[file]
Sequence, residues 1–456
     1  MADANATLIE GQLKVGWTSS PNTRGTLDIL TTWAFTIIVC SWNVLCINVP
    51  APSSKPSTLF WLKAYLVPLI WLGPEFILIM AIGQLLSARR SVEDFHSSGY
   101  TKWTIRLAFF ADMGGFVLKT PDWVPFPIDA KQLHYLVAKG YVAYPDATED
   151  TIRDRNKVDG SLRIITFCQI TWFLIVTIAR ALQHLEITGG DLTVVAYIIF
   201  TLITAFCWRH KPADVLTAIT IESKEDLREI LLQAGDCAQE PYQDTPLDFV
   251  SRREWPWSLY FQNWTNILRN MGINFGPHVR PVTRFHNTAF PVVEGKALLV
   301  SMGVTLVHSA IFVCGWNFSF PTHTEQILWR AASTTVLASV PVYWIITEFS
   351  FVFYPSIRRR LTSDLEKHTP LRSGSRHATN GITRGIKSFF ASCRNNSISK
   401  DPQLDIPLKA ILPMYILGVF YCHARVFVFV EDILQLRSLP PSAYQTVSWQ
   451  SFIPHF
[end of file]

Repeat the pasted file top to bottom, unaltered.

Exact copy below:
Sequence, residues 1–456
     1  MADANATLIE GQLKVGWTSS PNTRGTLDIL TTWAFTIIVC SWNVLCINVP
    51  APSSKPSTLF WLKAYLVPLI WLGPEFILIM AIGQLLSARR SVEDFHSSGY
   101  TKWTIRLAFF ADMGGFVLKT PDWVPFPIDA KQLHYLVAKG YVAYPDATED
   151  TIRDRNKVDG SLRIITFCQI TWFLIVTIAR ALQHLEITGG DLTVVAYIIF
   201  TLITAFCWRH KPADVLTAIT IESKEDLREI LLQAGDCAQE PYQDTPLDFV
   251  SRREWPWSLY FQNWTNILRN MGINFGPHVR PVTRFHNTAF PVVEGKALLV
   301  SMGVTLVHSA IFVCGWNFSF PTHTEQILWR AASTTVLASV PVYWIITEFS
   351  FVFYPSIRRR LTSDLEKHTP LRSGSRHATN GITRGIKSFF ASCRNNSISK
   401  DPQLDIPLKA ILPMYILGVF YCHARVFVFV EDILQLRSLP PSAYQTVSWQ
   451  SFIPHF